“We Don’t Live to Work, We Work to Live”

I’ve touched on the topic of working or maintaining a career with chronic illness(es) before, and as much as I try to follow my own advice, it’s hard to stick at. And why does it always take something major or serious for us (and maybe our employers/colleagues) to finally understand and take action?

It’s a weird one, I will admit, but sometimes I find it really hard to actually put myself first and listen to what my body needs. This is coming to you after a major major flare that started last weekend and has dragged on and on, rising and falling, up until today (and I suspect it isn’t going to stop any time soon).

All of last week, I went into work despite being in severe pain. I managed to get some relief on a Wednesday afternoon where I was given the OK to work from home (and also given the OK to do this on bad days as long as staffing in the department is good … small victories, eh?) but by Friday I was struggling to even stand up let alone see patients. On that Friday, something inside me switched and I knew I had to be careful and actually take opportunities to feel better. And I am really proud of myself because that Friday, I actually spoke to my team who made adjustments to next week to enable me to either not come in or come in for half days where needed.

So what stops us (or really, me) from continuing to work when my body is screaming out for me to stop?

  • Knowing that I have other responsibilities (e.g. meetings, training, students)
  • Already being aware how busy and/or short staffed we are – me being off will only make it worse
  • Guilt, and that feeling of “oh Lauren’s off again…”
  • The general lack of understanding and not wanting to explain it all – again

Really, you are no use to your employer if you’re not fighting fit – you won’t be performing at your best, you might miss things and despite work being that occasional good distraction it can prevent you from being able to take any pain relief or other medications. The worst thing is that your effort might not even be appreciated. Oh, and if you’re like me you’ll instantly regret making that effort to go in.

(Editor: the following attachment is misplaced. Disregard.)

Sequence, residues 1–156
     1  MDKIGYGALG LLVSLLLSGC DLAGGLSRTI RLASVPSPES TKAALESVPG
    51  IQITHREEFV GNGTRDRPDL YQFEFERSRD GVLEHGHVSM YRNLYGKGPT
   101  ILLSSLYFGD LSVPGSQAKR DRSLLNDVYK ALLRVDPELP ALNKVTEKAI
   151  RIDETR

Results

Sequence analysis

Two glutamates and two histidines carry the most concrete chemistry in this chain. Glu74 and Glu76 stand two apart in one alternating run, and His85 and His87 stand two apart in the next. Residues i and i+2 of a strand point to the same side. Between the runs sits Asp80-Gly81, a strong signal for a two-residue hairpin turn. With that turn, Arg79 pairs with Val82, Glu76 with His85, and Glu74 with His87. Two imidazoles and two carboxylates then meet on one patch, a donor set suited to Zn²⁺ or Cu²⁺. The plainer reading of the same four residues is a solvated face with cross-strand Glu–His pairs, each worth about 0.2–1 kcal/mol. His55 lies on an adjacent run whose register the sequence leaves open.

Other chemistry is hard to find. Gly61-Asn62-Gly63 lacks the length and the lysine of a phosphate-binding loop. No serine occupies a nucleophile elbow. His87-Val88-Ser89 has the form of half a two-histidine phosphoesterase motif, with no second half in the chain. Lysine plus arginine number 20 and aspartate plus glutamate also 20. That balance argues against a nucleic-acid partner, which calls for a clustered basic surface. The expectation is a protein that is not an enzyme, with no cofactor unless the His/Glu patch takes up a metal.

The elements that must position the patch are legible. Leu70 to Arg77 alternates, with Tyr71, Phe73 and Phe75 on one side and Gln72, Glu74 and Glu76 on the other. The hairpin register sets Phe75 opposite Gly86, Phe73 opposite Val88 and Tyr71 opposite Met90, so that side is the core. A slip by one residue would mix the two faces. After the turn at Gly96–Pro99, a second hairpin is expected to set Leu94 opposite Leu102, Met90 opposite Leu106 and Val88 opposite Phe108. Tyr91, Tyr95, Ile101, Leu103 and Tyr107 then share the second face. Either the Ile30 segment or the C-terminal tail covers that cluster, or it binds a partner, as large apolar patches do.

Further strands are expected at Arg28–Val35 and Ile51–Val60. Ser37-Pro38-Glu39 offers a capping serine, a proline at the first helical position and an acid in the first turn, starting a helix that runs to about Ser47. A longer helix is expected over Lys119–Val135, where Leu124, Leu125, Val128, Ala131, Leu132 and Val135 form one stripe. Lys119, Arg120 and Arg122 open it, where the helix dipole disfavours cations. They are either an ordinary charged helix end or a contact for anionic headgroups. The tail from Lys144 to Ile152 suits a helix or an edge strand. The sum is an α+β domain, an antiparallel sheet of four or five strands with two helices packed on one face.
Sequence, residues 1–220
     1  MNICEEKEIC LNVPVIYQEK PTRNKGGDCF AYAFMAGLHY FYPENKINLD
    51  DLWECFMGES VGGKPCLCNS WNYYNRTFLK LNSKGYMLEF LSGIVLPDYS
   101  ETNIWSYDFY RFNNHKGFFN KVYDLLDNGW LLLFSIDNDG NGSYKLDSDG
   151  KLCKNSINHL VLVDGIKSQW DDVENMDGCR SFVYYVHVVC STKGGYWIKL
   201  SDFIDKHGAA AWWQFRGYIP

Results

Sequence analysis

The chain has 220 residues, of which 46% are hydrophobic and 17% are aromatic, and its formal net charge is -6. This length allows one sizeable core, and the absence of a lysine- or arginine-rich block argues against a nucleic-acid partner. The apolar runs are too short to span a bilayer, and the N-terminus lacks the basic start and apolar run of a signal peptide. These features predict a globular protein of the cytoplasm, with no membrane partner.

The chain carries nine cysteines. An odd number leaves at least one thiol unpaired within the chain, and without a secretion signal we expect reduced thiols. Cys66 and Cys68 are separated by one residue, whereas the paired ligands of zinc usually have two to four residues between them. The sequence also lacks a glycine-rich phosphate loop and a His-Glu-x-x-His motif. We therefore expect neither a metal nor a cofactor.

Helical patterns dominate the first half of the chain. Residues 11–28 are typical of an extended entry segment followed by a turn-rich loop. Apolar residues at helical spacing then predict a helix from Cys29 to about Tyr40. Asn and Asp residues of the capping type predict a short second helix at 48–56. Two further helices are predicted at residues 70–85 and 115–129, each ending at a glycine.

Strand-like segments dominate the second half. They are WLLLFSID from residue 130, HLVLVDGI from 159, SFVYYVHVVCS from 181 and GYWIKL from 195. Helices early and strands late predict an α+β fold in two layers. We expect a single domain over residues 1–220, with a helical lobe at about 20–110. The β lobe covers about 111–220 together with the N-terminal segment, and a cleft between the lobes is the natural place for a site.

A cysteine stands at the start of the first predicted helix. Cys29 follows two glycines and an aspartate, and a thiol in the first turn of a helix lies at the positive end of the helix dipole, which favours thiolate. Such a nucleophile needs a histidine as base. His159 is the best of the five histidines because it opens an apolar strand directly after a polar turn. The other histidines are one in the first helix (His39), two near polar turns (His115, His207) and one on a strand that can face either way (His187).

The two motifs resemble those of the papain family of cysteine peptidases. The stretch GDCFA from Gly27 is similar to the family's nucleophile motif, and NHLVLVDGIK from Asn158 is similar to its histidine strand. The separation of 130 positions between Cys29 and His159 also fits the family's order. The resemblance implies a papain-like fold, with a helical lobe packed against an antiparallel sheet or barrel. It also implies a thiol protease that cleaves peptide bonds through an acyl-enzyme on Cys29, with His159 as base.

So how can we get over those aforementioned barriers and actually look after ourselves? It’s hard, I know, and it’s something that I go round and round in circles about. I’ve learnt these circles often start with having a glimmer of understanding available to me, but end with it being taken away. And despite all my best efforts to get people to understand, I’ve definitely come to the conclusion that a) people will only hear/read what they want to hear/read, and b) unless it is a visible illness, I have no hope – doesn’t matter how descriptive I am with my pain or symptoms or how much information I provide people, it’ll be forgotten about the next time they see me because I look “perfectly fine and normal”.

Here are some tips and things I am starting to use to manage those barriers

Without making it look like you’re going to be off the next day, try and prepare/plan so that if you’re not in the next day, the workload can be shared or left until you’re next in.

Maybe not always easy depending on the job you have, but on days when I’m in work, I’ll get as much done as possible and try and be ahead of the game so that there is less to do tomorrow. If I know that the chance of me being in the next day is slim, I will check things like our rota, patient caseload and meetings so I can organise it the best I can.

Talk to someone about how you’re feeling and whether or not you should go in.

For me, this person is my husband. He lives with me, sees me in pain and knows when I am not well and need to rest. Sometimes, it’ll be my husband who suggests I stay at home, which helps because it’s almost like someone else making the decision for you. But I find talking about how I feel, what medication I have taken and what work will be like the next day gives me a better view of what tomorrow will be like and if I can manage it.

See if there is anyway that your employer can let you work from home on days where you are not feeling so good.

Unfortunately this is not available for everyone and even in my job I am extremely lucky to have this opportunity. It came about only recently, and kinda more related to being pregnant, but knowing I have that option really takes the pressure off! Obviously, you don’t want to abuse the system – what I’ve done is written a list of days where it would be safe (in terms of staffing and patients) for me to be working from home, but my goal is always to go in. Having this list makes me feel I’ve got backup if needed.

Utilise medication as best as you can so you can get the most out of it.

Might be a bit obvious, but if you’re someone like me where pain is the main problem, taking even the basic form of pain relief regularly can provide great benefit. For example, taking paracetamol regularly (as per instructions, please!) gives your body a constant level of low-dose pain relief, meaning that it helps with breakthrough pain and preventing pain levels from spiking and dipping. This applies for days when you’re at work and days when you’re not.

Try and forget any other responsibilities.

Easier said than done, I know, but you know what? Those meetings will go on without you (and if you were the one leading it, then it can be rearranged). Your training can be booked again. And those students will have the rest of the team helping them for that day. It’s not the end of the world. It often takes my husband to remind me of this to get me to put myself first. Again, how good will you be at your meeting/training/students etc if you’re struggling to function because you’re not well? At the end of the day, if those responsibilities are too much to take on right down due to a period of ill-health, they can be allocated to someone else (if you’re happy with that, that is).